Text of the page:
On the Market: An Impeccably Restored Prospect Hill Home

The woodwork. The painted ceilings. The courtyard.
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519 Liberty Hill, Cincinnati, $535,000

“You don’t need experience in historic renovation to live in a historic home, just a love for it,” says Tom Hadley from his home at 519 Liberty Hill, in Prospect Hill, just north of Liberty Street and Over-the-Rhine. Hadley, a retired student affairs administrator at the University of Cincinnati, and his wife Pam Luttmers, an academic advisor at UC’s early childhood education program, bought the three bedroom, three-and-a-half bathroom Queen Anne style home in 1999. “We see ourselves as stewards more than anything,” he says.

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Photograph courtesy Coldwell Banker West Shell

Designed by architect Joseph G. Steinkamp and built in 1887, the home was spared the fate that befell so many homes of this age in the neighborhood: Subdivision. “It never got chopped up into apartments like so many others, and so a lot of original features have remained,” says Hadley. These include graceful room proportions featuring nine-foot ceilings, never-painted woodwork with rosette carvings, narrow quarter-sawn oak floors, and five original fireplaces.

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Photograph courtesy Coldwell Banker West Shell

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Photograph courtesy Coldwell Banker West Shell

Hadley and Luttmer spent those seventeen years of residence renovating the home with the help of expert craftspeople skilled at repairing masonry, plaster, and paint; the original painted living room ceiling took a year a half to restore with the help of their friend and former Prospect Hill neighbor Susan Martin. “She’d work on it here and there, whenever she had time and we had money,” says Hadley. The challenge has always been to balance historic preservation with the needs of modern living. Over the years, the couple has had the kitchen modernized and new bathrooms installed (and yes, there is central air conditioning). “We lived here as a family, not a museum,” he adds.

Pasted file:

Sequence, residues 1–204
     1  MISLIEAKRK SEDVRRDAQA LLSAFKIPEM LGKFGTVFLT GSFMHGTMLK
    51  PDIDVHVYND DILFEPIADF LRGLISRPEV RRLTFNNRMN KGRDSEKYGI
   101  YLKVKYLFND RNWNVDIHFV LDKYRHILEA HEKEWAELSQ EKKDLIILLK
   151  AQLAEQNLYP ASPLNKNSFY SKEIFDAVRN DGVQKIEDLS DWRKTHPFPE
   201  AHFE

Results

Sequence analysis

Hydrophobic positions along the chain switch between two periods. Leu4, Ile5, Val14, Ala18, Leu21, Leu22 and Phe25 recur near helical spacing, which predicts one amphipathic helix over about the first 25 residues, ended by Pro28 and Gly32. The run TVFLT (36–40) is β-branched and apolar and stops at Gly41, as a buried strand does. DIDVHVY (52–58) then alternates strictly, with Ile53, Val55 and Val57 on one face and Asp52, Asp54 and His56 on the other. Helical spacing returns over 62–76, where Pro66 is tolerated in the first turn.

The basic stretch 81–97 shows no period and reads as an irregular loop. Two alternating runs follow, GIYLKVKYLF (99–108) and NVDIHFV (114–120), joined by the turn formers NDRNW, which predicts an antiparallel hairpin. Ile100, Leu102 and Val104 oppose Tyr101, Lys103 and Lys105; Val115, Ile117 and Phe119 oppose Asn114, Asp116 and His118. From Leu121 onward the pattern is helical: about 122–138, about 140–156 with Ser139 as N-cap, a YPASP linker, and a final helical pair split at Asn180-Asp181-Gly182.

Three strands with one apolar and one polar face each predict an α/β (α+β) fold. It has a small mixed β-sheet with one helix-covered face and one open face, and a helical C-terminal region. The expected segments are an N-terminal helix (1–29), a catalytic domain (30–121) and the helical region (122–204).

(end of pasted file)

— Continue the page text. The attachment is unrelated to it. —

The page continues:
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Photograph courtesy Coldwell Banker West Shell

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Photograph courtesy Coldwell Banker West Shell

Amenities that lured the couple from Corryville in 1999—like baseball games and Music Hall concerts, and walking their son to school at the School for Creative and Performing Arts on Sycamore Street in the Pendelton neighborhood—have been joined by a flourishing downtown dining scene, the rebirth of Washington Park, and perhaps most encouraging of all, young families. Says Hadley, “When we first moved here, there weren’t many families with young children. Over the last five to six years, we’ve started seeing more young families at community events. It makes me optimistic that people want to be a part of the city.”

Click through our gallery to see more of the home—like this courtyard:

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